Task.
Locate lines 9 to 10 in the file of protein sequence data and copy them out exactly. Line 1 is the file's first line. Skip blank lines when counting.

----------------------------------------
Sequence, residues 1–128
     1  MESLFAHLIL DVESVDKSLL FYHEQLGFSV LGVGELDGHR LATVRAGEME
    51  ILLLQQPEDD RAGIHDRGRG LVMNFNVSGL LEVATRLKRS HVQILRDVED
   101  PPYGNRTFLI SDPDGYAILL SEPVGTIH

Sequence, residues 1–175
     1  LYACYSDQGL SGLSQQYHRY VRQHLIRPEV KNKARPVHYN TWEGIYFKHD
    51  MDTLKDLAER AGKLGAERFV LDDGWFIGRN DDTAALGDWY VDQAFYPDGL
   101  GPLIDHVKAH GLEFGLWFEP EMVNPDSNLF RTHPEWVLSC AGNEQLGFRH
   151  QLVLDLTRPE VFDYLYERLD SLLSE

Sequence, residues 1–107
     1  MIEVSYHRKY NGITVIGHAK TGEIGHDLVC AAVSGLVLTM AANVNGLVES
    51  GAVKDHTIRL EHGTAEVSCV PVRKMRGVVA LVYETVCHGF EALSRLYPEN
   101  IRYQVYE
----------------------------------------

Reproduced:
   151  QLVLDLTRPE VFDYLYERLD SLLSE

Sequence, residues 1–107